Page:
California Attorney General Xavier Becerra isn’t happy.  He said in a statement that his office is “committed to defending California’s common-sense gun laws” and is reviewing the decision and evaluating its next steps.

Becerra has previously said that similar Second challenges have been repeatedly rejected by other courts. He cited at least seven other states and 11 local governments that already restrict the possession or sale of large-capacity ammunition magazines.

There’s very little doubt that the conflict on magazine size will ultimately end up in the U.S. Supreme Court.

Michel said the decision “recognizes that the Second Amendment is not a second-class right and that the state has to meet a high burden before it can pass a law that infringes on the right to keep or bear arms.”

In his ruling, Benitez described three home invasions.  In two of them, the female victims ran out of bullets.  In the third, the woman was wearing pajamas… but had a high-capacity magazine.  She took on three people invading her home, firing at them while calling for help.

“She had no place to carry an extra magazine and no way to reload because her left hand held the phone with which she was still trying to call 911,” the judge wrote.

The woman killed one attacker while two escaped.

Judge Benitez ruled that magazines holding more than 10 rounds are “arms” under the U.S. Constitution.  He also said the California law:

“burdens the core of the Second Amendment by criminalizing the acquisition and possession of these magazines that are commonly held by law-abiding citizens for defense of self, home, and state.”

Benitez was an appointee of Republican President George W. Bush. 

He recognized that the goal of the California law is to deter mass-shootings, such as the San Bernardino shooting killed 14 and injured 22.

But he also called such shootings “exceedingly rare” and stressed that everyday robberies, rapes and murders can be countered with firearms.

The governor of California had no comment.

California seems to frequently make news for some of the more outlandish plans to infringe on rights.  In February, they went so far as to go after the safety of police officers.

This time the debate surrounding the authorization for police to utilize deadly force was again challenged, reported KCRA News.

Currently, officers who fear for their lives are able to make and carry out the decision to neutralize a hostile subject. With the proposed legislation, deadly force would only be able to be used if other de-escalation tactics were either unfeasible or attempted without success.

“This means they may use force only if there is no reasonable alternative, including warnings, verbal persuasion or other non-lethal methods of resolution or de-escalation,” Democratic Assemblywoman Shirley Weber said.

Weber claimed that she would try to set a countrywide standard to only allow police to use deadly force to prevent serious injury or death.

If you haven’t heard, New Hampshire is putting officer’s lives at risk as well.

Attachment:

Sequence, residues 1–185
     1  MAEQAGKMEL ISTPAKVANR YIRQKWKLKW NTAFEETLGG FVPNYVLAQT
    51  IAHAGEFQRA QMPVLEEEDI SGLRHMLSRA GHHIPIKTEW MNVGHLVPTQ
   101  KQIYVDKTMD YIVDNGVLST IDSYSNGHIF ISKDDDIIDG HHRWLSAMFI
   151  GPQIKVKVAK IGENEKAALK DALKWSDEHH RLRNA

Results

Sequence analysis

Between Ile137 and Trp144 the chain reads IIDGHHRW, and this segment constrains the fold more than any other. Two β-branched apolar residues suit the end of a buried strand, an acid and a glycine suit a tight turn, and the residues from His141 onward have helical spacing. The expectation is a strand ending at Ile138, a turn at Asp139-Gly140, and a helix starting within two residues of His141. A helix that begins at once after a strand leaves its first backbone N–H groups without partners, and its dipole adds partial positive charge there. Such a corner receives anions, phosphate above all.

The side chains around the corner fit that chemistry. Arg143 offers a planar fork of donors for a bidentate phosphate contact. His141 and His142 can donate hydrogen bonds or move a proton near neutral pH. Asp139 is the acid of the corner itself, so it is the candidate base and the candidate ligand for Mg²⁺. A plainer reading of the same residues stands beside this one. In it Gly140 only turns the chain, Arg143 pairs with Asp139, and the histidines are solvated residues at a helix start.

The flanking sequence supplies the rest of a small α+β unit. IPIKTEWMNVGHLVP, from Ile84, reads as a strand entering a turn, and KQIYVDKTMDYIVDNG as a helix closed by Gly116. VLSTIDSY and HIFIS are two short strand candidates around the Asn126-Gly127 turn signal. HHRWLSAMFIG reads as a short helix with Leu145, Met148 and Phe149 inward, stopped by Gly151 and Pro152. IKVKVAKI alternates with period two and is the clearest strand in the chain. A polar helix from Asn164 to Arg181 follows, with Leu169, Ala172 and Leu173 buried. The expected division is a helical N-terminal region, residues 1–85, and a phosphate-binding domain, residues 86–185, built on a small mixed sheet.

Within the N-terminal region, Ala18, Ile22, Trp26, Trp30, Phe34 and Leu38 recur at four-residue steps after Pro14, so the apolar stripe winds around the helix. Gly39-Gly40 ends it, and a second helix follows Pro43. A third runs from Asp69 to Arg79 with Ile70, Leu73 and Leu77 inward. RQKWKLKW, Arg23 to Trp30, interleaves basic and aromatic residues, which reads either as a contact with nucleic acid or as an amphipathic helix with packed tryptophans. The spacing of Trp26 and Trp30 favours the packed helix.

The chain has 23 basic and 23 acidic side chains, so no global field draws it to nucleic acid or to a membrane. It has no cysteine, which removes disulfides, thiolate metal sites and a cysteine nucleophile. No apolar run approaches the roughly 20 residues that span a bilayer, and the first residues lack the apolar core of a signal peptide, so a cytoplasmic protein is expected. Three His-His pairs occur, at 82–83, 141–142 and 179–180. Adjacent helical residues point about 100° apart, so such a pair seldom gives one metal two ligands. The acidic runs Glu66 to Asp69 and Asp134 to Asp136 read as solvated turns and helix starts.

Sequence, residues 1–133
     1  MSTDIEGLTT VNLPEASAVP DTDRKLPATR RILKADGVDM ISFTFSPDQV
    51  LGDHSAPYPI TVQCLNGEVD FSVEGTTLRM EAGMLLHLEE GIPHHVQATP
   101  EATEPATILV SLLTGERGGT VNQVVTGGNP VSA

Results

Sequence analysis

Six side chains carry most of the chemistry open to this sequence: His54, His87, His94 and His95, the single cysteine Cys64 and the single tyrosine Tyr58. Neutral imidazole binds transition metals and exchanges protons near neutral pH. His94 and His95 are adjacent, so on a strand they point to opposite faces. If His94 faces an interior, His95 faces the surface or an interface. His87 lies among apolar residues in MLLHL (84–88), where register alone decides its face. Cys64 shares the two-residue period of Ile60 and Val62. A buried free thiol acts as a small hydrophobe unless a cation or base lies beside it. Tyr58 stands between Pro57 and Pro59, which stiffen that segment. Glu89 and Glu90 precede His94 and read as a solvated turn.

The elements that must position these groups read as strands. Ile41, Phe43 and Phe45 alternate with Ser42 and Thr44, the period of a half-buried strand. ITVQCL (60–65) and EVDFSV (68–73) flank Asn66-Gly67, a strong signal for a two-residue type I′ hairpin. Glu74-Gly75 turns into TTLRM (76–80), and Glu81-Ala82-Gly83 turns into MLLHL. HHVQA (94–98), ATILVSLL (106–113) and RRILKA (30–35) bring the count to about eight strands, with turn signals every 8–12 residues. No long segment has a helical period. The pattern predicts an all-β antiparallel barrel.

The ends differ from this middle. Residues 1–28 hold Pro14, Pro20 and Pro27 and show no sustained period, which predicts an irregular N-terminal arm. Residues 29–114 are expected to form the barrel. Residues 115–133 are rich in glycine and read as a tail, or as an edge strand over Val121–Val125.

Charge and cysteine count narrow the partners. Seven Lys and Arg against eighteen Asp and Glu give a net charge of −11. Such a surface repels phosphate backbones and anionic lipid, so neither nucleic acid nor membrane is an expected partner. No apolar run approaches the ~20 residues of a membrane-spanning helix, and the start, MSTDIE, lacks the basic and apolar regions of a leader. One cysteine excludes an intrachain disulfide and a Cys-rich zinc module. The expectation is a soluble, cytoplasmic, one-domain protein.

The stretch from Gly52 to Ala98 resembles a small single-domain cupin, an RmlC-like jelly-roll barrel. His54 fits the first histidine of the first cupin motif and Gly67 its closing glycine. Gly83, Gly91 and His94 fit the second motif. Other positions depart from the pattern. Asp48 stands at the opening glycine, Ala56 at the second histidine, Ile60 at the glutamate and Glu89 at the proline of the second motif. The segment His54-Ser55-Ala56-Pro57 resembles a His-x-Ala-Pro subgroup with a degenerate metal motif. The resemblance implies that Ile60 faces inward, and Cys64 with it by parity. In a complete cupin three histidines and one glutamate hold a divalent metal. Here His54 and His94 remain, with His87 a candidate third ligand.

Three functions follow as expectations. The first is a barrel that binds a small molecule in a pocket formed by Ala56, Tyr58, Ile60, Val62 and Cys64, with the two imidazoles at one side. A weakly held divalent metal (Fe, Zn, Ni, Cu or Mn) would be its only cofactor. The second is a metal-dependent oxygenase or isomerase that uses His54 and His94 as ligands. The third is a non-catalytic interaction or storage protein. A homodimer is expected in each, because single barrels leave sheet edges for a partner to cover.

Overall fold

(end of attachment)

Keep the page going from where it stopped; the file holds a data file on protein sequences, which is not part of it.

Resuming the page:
There is no debate here. This change WILL result in more officers being killed on duty.

If this passes, more officers in real and significant danger will not pull the trigger on their service weapons in fear for the public fallback and potential for going to prison simply for protecting their own lives. We are letting narratives control how our officers live and work.

In 2018 we lost around 150 officers while they were serving our communities. We refuse to let 2019 lead to another increase in this metric.

As it stands right now, officers are trained to use multiple techniques to remedy dangerous situations that put their lives and the lives of innocent civilians at risk. When these situations escalate, tough decisions must be made.

defensive handgun uses

California officers face new challenges with the proposed bill. (Photo courtesy LovableNinja)

Democratic Senate President Toni Atkins stated that, “We must acknowledge that we have a problem with disproportionate police use of force here in California.”

If you didn’t already see this racial narrative debunked by 2017’s deadly force stats, check out this article right here.

In fact, the number of California law enforcement-related deaths dropped by one-third last year, from 172 in 2017 to 114 in 2018…. with no major changes in legislation.

We are officers, supporters, family members, friends, neighbors, and patriotic Americans that are tired of seeing blue blood being spilled in the streets. We see the negativity in the media. We see the skewed narratives and bogus accusations that label every law enforcement officer as a racist murderer seeking bloodlust. And we are tired of it.

Let’s be honest folks. 99.99% of officers don’t want to wake up and go shoot someone during their shift. Officers don’t patrol the streets hoping they’ll get to pull the trigger. They want to serve, protect, make their community a better place and then go home to their families, just like every other American does at the end of the day.

When will we end the hate against our brothers and sisters in blue? When will we stop allowing criminals to run the show? When will we stop letting violent gang members and murderers back on the street just so they can turn around and commit another heinous act?

It’s time to stop. It’s time to think. And it’s time to move our nation in the direction it needs.

I’ll leave you with a quote from a very wise man, Edmund Burke.

“The only thing necessary for the triumph of evil is for good men to do nothing.” 

If you don’t stand up and voice your opinion about these very real issues, who will be there to protect you when you need it most?